3 Techniques to Sell the Role and Make the Hire

September 22, 2014 at 6:00 AM by Kathleen de Lara

how to sell the roleThe art of persuasion takes the right timing, context, and messaging techniques to engage qualified candidates with your open opportunity. 

The long list of benefits and perks you’ve prepped may seem like enough ammo to bolster the job’s appeal and fit in a candidate’s career, but paired with a well-targeted marketing plan, your recruiting strategy can hit the ground running. 

Try these tactics to get started. 

Make sure recruiters have multiple touch points with candidates. 

Outreach doesn’t stop at sending the first, personalized message to candidates. Recruiters can continually boost their presence and better engage talent by employing various channels of communication that helps potential hires remember a company’s name, branding, and to encourage them to take action – responding to an email, checking out open opportunities, or sharing roles with other qualified candidates in their network.

It may be tempting to move on to the next batch of talent when your first outreach attempts return zero responses, but by continually engaging candidates on multiple outreach channels, recruiters can build interest in their company, improve their employer branding, and learn what type of communication is most effective for connecting with prospective hires. 

Ask this interview question to encourage candidates to envision themselves in the role.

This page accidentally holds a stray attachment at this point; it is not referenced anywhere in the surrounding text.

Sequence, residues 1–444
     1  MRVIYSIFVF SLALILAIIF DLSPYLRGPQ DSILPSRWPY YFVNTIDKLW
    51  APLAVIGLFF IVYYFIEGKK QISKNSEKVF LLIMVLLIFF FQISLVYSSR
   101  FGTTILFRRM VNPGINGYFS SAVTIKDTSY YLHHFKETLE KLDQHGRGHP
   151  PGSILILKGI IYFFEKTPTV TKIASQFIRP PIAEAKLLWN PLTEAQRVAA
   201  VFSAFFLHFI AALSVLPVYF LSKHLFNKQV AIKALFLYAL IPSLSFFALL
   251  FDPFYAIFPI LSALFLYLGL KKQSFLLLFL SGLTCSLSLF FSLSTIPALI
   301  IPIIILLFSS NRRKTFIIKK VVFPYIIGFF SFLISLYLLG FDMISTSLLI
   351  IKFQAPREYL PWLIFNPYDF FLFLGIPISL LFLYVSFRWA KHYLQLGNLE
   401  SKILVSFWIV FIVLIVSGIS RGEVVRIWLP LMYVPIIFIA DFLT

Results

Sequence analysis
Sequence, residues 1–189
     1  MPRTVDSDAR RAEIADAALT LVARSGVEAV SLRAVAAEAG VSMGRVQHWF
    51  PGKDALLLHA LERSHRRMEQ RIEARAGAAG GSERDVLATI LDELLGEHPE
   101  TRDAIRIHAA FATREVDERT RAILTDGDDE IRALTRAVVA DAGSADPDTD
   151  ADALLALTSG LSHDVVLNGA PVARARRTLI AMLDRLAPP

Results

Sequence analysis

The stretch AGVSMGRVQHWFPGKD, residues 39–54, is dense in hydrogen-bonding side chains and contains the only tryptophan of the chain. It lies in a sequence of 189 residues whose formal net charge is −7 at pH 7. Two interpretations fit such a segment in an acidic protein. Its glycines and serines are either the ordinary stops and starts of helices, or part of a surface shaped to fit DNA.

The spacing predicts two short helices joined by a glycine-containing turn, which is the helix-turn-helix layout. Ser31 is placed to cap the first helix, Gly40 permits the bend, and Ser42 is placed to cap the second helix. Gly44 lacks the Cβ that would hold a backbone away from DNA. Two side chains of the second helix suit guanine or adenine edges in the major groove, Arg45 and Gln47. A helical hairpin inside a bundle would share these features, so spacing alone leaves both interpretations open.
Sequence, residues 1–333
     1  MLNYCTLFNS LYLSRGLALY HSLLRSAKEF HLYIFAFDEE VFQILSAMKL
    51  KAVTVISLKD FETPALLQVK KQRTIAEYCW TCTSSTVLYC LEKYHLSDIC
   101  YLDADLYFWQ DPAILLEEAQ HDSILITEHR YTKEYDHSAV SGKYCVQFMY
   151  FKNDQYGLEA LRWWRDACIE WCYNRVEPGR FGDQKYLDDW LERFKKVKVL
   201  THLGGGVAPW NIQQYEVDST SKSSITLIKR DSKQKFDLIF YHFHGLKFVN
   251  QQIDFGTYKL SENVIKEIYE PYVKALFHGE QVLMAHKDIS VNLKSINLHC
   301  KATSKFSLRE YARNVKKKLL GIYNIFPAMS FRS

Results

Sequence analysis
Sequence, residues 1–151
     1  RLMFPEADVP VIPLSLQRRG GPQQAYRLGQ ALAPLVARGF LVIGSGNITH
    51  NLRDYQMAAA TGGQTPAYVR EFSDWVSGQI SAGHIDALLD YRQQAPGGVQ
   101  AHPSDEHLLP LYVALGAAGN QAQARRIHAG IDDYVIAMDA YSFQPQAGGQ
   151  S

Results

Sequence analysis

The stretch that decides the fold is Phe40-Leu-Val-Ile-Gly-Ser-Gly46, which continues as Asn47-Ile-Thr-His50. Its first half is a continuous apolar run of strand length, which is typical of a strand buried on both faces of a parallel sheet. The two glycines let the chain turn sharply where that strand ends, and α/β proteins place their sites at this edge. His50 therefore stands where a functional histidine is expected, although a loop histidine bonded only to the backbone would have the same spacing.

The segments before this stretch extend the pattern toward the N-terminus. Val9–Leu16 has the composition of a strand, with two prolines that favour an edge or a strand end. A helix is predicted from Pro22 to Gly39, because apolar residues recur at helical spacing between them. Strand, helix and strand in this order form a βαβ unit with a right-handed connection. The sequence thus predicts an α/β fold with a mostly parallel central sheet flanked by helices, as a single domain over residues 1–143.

Dubbed by Lou Adler as the “only interview question that matters,” asking candidates this question can give recruiters insight to their qualifications, skills, and fit for a position: “What single project or task would you consider your most significant accomplishment in your career to date?”

By giving an explanation of the specific duties of a role and how they affect a company, then following up with this question, candidates will get excited and share why they think they’re qualified for the part. It’s an open-ended question that drives candidates to pick the best representation of their talents and to share the work process and logic that went behind executing it. 

Don’t forget to sell the role, not the company. 

Remember your employer brand? It’s an aspect of the recruiting and engagement process we’ve continually rooted for, and it was also a hot topic at this year’s ERE Recruiting Conference. Your employer branding strategy is at the core of selling the role and getting candidates excited about your open opportunities. Share what its like to be the nuts and bolts behind creating the company’s product or service (the employer brand), rather than sharing the nitty gritty of the company’s product or service (the company brand). Candidates are interested in learning how their skills and experiences fit within the scope of what the company’s current employees are doing and how the role will help the candidate reach their overall career goals. 

Getting candidates excited about an open opportunity at your company requires continued, multi-touch engagement that encourages talent to envision themselves working with a team focused on creating a product and supporting employees’ professional paths. 

What engagement techniques does your team use to attract talent? Share them with us in the comments and don’t forget to download our eBook on effectively messaging candidates to boost your outreach strategies.candidate outreach

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